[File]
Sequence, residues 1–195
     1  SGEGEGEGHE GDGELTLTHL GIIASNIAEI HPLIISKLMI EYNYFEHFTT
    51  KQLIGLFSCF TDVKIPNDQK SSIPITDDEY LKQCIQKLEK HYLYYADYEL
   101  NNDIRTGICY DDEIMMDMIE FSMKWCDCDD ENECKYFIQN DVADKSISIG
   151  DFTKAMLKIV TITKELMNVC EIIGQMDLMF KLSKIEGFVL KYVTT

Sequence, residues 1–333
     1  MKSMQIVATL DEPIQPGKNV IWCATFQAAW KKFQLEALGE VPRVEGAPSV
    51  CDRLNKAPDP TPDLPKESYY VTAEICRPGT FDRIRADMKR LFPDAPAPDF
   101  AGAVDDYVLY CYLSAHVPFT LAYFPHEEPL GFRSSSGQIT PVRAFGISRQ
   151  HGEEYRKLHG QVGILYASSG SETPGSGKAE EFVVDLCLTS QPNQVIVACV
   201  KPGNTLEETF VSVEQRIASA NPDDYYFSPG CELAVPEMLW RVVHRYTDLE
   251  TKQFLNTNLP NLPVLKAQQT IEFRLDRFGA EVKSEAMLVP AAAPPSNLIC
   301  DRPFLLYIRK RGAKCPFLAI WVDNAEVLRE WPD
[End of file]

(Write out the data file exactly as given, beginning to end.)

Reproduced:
Sequence, residues 1–195
     1  SGEGEGEGHE GDGELTLTHL GIIASNIAEI HPLIISKLMI EYNYFEHFTT
    51  KQLIGLFSCF TDVKIPNDQK SSIPITDDEY LKQCIQKLEK HYLYYADYEL
   101  NNDIRTGICY DDEIMMDMIE FSMKWCDCDD ENECKYFIQN DVADKSISIG
   151  DFTKAMLKIV TITKELMNVC EIIGQMDLMF KLSKIEGFVL KYVTT

Sequence, residues 1–333
     1  MKSMQIVATL DEPIQPGKNV IWCATFQAAW KKFQLEALGE VPRVEGAPSV
    51  CDRLNKAPDP TPDLPKESYY VTAEICRPGT FDRIRADMKR LFPDAPAPDF
   101  AGAVDDYVLY CYLSAHVPFT LAYFPHEEPL GFRSSSGQIT PVRAFGISRQ
   151  HGEEYRKLHG QVGILYASSG SETPGSGKAE EFVVDLCLTS QPNQVIVACV
   201  KPGNTLEETF VSVEQRIASA NPDDYYFSPG CELAVPEMLW RVVHRYTDLE
   251  TKQFLNTNLP NLPVLKAQQT IEFRLDRFGA EVKSEAMLVP AAAPPSNLIC
   301  DRPFLLYIRK RGAKCPFLAI WVDNAEVLRE WPD